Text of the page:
|With signposts like this…|
Have you seen the news this week? Yes. What’s going on? The more I see, the more I do that “this is crazy, what’s the world coming to?” shrug thing.
It started well enough with the unflappable Alex Crawford reporting on the rebels’ arrival in Tripoli. She provided the best coverage and I was awestruck by her calm, professional approach. I also did a quiet internal dance of celebration that a working mother in her late 40s was showing everyone else how the job should be done.
But then things went down hill. Reporter after reporter has told of evidence of atrocity and corruption at every turn. It creates a bilious sense of outrage. How can this have been allowed to happen? No, really? Why wasn’t this stopped?
Outrage is also the reaction to the news that Edinburgh’s tram debacle just keeps getting worse. £700million so far and what has the Capital got to show for it? Just mayhem and waste. How hard can it be to plan and execute a project, even a big one? This is embarrassing and wasteful. The parliament building was bad enough, now this. What must the rest of the world think of us?
It certainly doesn’t help the rest of the world make sense of the decision to release the Lockerbie bomber from a Scottish prison. The fact that the conviction of Abdel Basset al-Megrahi was made under Scots Law condoned at the time by the world, means that the decision to release him under licence was one for Scotland alone, however ill-advised and badly executed. Don’t you see? A country that can’t install a decent tram system in it’s main city doesn’t look like one that should be trusted to deal such a delicate international situation.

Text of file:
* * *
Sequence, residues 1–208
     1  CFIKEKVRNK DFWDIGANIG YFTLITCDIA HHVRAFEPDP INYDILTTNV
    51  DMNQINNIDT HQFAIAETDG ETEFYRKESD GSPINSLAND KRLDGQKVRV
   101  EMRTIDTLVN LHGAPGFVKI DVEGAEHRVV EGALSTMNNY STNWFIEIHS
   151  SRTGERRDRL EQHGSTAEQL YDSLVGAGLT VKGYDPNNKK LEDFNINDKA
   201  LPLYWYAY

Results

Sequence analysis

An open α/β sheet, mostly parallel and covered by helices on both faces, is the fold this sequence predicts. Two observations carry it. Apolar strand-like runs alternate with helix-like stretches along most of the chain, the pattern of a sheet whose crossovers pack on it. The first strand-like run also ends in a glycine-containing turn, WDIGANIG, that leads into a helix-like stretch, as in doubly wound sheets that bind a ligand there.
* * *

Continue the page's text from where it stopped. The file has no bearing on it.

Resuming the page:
Sticking with justice, the law and asses. On the one hand we have the Scottish system locking up Naked Rambler Stephen Gough again for refusing to put his pants on, while South of the Border one of the killers of Baby P is freed and rushed off to a secret location for his own protection.
All Gough had to do is to put some knickers on, but he didn’t and presumably he has his reasons. However, when you think that when he was first arrested in 2005, Peter Connolly’s short life hadn’t even begun. This can’t be right.
And don’t get me started on a country that has higher than ever levels of obesity, while another one has a famine that everyone has largely got bored of talking about…